Send to

Choose Destination
Ann Intern Med. 2006 May 16;144(10):724-34.

Long-term cardiac outcomes of treating chronic Chagas disease with benznidazole versus no treatment: a nonrandomized trial.

Author information

Hospital Interzonal General de Agudos Eva Perón and Instituto Nacional de Parasitología Dr. Mario Fatala Chaben, Buenos Aires, Argentina.



Benznidazole is effective for treating acute-stage Chagas disease, but its effectiveness for treating indeterminate and chronic stages remains uncertain.


To compare long-term outcomes of patients with nonacute Chagas disease treated with benznidazole versus outcomes of those who did not receive treatment.


Clinical trial with unblinded, nonrandom assignment of patients to intervention or control groups.


Chagas disease center in Buenos Aires, Argentina.


566 patients 30 to 50 years of age with 3 positive results on serologic tests and without heart failure.


The primary outcome was disease progression, defined as a change to a more advanced Kuschnir group or death. Secondary outcomes included new abnormalities on electrocardiography and serologic reactivity.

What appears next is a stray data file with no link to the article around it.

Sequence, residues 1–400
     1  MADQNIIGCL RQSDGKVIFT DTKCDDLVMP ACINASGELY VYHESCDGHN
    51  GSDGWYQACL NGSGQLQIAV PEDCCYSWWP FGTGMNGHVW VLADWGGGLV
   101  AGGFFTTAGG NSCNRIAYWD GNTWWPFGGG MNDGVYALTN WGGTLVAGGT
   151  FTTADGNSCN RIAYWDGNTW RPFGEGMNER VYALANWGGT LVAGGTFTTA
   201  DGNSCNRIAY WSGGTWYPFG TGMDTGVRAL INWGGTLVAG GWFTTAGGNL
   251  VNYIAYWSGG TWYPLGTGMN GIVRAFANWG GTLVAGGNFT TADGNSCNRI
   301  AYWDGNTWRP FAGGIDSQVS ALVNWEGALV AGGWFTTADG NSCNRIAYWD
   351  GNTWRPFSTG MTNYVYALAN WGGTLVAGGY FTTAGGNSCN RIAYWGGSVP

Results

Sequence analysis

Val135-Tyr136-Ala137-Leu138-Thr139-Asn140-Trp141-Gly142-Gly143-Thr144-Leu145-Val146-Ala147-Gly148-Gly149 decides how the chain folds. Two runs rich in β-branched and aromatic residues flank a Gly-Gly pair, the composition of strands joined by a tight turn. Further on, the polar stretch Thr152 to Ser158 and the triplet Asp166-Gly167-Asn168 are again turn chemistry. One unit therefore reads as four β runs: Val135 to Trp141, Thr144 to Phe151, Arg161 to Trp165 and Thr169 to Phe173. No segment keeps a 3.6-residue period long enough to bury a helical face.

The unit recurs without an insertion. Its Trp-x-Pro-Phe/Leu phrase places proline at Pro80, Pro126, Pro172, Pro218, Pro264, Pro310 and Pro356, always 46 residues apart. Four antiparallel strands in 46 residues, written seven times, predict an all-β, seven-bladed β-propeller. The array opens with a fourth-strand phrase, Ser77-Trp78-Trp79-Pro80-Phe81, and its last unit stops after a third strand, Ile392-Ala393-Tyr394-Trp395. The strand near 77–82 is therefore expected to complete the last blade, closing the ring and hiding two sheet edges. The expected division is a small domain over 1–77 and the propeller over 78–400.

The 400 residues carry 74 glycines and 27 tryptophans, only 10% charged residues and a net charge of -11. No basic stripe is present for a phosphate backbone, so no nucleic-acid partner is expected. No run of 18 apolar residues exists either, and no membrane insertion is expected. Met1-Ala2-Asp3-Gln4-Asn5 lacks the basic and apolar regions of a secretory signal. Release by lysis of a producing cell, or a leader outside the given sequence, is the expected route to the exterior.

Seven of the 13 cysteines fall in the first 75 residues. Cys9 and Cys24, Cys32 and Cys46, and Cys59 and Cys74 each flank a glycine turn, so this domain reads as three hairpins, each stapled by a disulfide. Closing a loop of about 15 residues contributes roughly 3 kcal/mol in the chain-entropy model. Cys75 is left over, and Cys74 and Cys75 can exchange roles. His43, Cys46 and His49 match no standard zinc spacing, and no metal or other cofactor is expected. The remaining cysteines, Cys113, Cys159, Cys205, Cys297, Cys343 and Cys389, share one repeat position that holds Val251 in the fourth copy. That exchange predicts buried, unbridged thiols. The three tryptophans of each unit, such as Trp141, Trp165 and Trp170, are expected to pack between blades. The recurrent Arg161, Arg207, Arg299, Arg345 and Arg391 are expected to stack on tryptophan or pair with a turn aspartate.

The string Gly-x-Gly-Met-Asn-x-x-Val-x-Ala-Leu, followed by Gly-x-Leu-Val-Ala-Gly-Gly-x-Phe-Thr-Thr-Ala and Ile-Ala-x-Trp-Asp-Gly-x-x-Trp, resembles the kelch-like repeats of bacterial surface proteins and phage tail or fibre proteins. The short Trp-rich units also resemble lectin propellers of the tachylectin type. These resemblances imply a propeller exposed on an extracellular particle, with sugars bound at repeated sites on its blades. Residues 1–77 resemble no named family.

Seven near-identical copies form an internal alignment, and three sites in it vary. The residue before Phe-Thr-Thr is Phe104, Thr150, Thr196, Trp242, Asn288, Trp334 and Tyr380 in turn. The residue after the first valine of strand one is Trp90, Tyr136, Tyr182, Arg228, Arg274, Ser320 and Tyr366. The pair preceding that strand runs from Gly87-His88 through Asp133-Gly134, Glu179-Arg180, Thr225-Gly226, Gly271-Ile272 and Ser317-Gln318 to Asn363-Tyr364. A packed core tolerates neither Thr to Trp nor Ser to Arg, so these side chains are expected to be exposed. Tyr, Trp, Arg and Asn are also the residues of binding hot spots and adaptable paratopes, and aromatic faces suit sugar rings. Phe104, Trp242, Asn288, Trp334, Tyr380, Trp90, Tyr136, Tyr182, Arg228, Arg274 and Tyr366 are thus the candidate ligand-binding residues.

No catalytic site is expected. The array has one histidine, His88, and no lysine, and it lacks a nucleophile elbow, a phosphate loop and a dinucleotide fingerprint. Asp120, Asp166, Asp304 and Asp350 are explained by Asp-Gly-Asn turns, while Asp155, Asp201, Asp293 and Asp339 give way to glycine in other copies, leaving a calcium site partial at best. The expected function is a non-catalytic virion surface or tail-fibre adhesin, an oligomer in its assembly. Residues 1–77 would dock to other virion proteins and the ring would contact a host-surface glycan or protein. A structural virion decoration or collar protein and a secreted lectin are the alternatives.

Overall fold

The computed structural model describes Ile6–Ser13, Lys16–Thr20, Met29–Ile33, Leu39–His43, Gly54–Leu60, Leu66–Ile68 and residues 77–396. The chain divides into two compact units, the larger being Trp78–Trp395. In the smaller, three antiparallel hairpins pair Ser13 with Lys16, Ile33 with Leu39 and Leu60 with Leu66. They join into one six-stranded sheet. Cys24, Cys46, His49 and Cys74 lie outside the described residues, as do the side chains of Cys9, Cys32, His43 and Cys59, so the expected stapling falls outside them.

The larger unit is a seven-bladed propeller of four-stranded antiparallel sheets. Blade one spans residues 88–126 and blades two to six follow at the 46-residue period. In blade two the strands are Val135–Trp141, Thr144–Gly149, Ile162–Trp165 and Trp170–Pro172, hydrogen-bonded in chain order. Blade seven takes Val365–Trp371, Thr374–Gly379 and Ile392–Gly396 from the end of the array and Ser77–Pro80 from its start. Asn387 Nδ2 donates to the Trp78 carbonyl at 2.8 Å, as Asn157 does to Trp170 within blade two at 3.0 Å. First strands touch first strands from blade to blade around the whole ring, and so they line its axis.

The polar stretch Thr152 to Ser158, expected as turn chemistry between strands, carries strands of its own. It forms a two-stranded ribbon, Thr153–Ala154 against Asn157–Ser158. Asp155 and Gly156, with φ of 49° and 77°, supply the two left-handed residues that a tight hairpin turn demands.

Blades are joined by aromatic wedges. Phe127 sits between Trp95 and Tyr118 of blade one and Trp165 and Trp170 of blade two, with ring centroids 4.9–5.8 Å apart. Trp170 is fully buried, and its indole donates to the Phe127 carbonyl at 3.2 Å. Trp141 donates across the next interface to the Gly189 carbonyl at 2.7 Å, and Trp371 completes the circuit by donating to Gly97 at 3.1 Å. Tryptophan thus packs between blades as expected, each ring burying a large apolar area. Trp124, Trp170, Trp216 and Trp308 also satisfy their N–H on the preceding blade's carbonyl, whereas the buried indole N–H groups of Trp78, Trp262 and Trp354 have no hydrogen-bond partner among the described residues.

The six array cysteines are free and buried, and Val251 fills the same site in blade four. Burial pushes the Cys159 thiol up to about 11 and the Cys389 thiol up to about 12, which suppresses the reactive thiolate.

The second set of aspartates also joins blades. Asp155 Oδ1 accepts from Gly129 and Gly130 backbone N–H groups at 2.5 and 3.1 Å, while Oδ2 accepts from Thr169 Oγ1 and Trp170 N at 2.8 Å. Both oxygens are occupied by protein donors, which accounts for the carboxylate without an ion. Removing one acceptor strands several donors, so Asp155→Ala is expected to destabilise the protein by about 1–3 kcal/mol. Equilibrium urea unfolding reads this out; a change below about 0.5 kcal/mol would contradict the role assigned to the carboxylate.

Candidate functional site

Oral benznidazole, 5 mg/kg of body weight per day for 30 days (283 patients), or no treatment (283 patients).


Fewer treated patients had progression of disease (12 of 283 [4%] vs. 40 of 283 [14%]; adjusted hazard ratio, 0.24 [95% CI, 0.10 to 0.59]; P = 0.002) or developed abnormalities on electrocardiography (15 of 283 [5%] vs. 45 of 283 [16%]; adjusted hazard ratio, 0.27 [CI, 0.13 to 0.57]; P = 0.001) compared with untreated patients. Left ventricular ejection fraction (hazard ratio, 0.97 [CI, 0.94 to 0.99]; P < 0.002) and left ventricular diastolic diameter (hazard ratio, 2.45 [CI, 1.53 to 3.95]; P < 0.001) were also associated with disease progression. Conversion to negative results on serologic testing was more frequent in treated patients than in untreated patients (32 of 218 [15%] vs. 12 of 212 [6%]; adjusted hazard ratio, 2.1 [CI, 1.06 to 4.06]; P = 0.034).


Nonrandom, unblinded treatment assignment was used, and follow-up data were missing for 20% of patients. Loss to follow-up was more common among patients who were less sick. Two uncontrolled interim analyses were conducted.


Compared with no treatment, benznidazole treatment was associated with reduced progression of Chagas disease and increased negative seroconversion for patients presenting with nonacute disease and no heart failure. These observations indicate that a randomized, controlled trial should now be conducted.

[Indexed for MEDLINE]

Supplemental Content

Full text links

Icon for Silverchair Information Systems
Loading ...
Support Center